The West Indies Players’ Association (WIPA) extends sympathies to West Indies spinner Veerasammy Permaul and his family.

Waynmattie ‘Dataley’ Permaul, Veerasammy’s mother, had been missing for seven days when her son made the report of such to the Guyanese authorities on Thursday, April 28. Upon searching her Berbice home, her body was found lifeless in a shallow grave. She was 52 years old.  

WIPA President and CEO, Wavell Hinds expressed, “The WIPA family extends condolences to Veerasammy Permaul and his family during this stressful time. We regret the untimely passing of his mother and hope he will find the strength and courage to continue his lifelong journey. May her soul rest in peace and light perpetually shine upon her.” 

The Hero Caribbean Premier League (CPL) finals will be hosted by Guyana for the next three years, starting in 2022. This is the first time the Hero CPL final will be held in Guyana and this long-term staging agreement will see the culmination of the tournament also taking place in Guyana in 2023 and 2024.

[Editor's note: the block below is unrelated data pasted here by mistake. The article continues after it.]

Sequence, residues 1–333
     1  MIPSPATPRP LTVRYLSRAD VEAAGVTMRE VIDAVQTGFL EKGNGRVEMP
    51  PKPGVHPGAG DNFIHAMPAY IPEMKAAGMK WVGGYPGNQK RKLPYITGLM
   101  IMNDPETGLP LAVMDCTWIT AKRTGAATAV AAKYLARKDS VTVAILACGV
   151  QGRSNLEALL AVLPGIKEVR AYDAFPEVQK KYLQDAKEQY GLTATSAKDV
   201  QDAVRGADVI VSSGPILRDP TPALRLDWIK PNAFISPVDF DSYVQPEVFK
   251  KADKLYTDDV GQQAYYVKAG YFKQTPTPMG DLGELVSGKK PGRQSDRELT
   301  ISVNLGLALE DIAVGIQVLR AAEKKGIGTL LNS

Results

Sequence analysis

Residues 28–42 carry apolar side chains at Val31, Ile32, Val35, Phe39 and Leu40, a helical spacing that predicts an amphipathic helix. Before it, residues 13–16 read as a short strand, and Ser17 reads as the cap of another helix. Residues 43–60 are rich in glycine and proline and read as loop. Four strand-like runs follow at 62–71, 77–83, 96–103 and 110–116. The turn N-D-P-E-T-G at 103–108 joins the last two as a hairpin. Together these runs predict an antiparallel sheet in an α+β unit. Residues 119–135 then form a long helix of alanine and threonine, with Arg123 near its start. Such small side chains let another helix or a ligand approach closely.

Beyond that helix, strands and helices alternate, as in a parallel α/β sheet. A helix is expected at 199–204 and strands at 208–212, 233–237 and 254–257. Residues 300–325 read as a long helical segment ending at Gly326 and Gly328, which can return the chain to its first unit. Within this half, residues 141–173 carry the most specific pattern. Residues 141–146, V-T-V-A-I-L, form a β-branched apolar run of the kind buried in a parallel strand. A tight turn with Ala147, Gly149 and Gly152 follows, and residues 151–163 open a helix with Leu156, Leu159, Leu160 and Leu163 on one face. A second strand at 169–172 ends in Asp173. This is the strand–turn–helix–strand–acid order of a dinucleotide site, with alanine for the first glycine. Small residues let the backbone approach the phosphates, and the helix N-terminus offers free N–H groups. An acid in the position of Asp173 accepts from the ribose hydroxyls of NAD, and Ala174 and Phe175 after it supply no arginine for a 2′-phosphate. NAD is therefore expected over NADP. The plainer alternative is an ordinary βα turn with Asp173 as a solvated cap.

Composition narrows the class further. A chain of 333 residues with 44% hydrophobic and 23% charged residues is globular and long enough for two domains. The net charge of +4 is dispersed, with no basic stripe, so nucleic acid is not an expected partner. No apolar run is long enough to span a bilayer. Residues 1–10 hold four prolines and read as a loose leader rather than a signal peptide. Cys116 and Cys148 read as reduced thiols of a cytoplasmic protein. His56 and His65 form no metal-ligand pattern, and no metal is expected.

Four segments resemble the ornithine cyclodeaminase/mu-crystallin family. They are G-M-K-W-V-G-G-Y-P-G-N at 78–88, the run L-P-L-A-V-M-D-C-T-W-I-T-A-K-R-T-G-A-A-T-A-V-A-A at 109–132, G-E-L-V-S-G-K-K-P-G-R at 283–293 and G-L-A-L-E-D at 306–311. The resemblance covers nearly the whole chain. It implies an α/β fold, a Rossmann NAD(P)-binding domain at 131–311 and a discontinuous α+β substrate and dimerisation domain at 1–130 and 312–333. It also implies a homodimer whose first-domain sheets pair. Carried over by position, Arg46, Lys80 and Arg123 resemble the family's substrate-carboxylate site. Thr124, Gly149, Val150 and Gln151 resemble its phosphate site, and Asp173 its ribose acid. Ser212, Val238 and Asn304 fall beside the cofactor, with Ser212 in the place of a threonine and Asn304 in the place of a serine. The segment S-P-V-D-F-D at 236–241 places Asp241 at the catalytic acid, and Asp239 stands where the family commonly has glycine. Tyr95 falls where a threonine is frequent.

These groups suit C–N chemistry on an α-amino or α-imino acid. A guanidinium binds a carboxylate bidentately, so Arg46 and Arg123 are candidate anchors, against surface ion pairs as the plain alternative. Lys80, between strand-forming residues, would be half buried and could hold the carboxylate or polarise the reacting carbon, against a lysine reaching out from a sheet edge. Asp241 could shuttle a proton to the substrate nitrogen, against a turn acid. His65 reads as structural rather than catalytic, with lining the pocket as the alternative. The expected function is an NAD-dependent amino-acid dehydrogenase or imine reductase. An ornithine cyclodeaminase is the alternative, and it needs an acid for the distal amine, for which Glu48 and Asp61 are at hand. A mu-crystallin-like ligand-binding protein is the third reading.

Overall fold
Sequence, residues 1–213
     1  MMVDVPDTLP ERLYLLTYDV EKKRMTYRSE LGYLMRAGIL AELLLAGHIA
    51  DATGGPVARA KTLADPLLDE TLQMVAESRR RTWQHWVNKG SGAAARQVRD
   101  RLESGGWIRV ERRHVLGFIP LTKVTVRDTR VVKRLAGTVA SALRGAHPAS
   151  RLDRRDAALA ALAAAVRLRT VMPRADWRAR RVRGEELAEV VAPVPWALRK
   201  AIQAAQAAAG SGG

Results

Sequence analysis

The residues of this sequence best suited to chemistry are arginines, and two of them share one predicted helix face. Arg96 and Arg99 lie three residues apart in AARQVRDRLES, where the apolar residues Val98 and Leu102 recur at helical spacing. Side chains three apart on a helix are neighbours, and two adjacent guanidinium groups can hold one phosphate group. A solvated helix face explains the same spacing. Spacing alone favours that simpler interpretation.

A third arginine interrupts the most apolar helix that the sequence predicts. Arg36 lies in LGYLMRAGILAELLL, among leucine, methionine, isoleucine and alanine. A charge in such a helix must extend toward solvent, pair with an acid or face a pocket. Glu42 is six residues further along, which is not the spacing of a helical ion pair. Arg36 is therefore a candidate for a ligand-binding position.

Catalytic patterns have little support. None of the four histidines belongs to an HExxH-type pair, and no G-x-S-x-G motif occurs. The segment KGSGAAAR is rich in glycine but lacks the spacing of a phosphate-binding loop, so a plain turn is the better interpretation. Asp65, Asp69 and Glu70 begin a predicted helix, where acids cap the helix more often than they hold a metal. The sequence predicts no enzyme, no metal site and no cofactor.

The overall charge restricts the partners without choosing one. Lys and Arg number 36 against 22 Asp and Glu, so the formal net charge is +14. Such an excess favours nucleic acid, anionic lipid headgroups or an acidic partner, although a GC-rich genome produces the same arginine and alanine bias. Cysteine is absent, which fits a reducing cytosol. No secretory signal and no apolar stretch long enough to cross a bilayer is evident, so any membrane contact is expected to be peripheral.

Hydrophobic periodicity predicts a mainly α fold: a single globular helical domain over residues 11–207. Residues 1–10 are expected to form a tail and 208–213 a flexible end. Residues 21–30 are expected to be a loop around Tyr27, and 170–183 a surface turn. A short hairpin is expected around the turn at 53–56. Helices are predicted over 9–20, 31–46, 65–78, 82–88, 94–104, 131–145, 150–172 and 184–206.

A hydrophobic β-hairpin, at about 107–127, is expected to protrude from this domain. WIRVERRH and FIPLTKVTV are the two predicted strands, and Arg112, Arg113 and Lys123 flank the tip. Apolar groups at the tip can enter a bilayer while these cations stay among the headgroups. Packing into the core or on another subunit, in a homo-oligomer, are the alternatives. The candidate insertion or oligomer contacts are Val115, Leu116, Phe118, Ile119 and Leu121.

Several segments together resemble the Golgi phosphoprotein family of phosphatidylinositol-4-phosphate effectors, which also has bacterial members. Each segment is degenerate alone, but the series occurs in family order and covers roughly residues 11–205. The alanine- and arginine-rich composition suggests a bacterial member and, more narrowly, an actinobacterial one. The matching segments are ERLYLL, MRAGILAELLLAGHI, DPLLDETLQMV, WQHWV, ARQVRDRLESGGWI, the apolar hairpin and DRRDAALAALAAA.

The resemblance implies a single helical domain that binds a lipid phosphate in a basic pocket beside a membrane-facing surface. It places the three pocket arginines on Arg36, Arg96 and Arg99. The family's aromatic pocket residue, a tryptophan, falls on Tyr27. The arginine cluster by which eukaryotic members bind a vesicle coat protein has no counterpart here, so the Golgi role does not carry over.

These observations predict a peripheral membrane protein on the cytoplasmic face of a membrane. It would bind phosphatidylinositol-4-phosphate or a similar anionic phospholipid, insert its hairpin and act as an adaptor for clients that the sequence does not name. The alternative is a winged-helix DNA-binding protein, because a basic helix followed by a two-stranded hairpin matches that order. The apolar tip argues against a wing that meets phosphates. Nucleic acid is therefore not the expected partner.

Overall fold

This season, Guyana will host seven group games, three knockout matches and the Hero CPL final which will take place on Friday, September 30 at The Guyana National Stadium in Providence.

The Hero CPL final will be the climax of festivities surrounding these games taking place in Guyana. The Government of Guyana in collaboration with the local private sector will also stage two weeks of events which will form a Cricket Carnival. This Carnival will celebrate the best that Guyana was to offer, showcasing the music, food and culture of this vibrant and fascinating country. 

 Over the previous nine seasons of Hero CPL there has been massive support for the tournament from Guyanese fans and the tournament is expecting significant excitement at the prospect of these hugely important matches taking place in the country.

Guyana’s economy is growing rapidly, and the country has a fantastic reputation as a destination for tourists looking for unspoiled nature. The Hero CPL finals will further showcase this wonderful country to a massive global audience – the total viewership for Hero CPL passed 500million in both 2020 and 2021.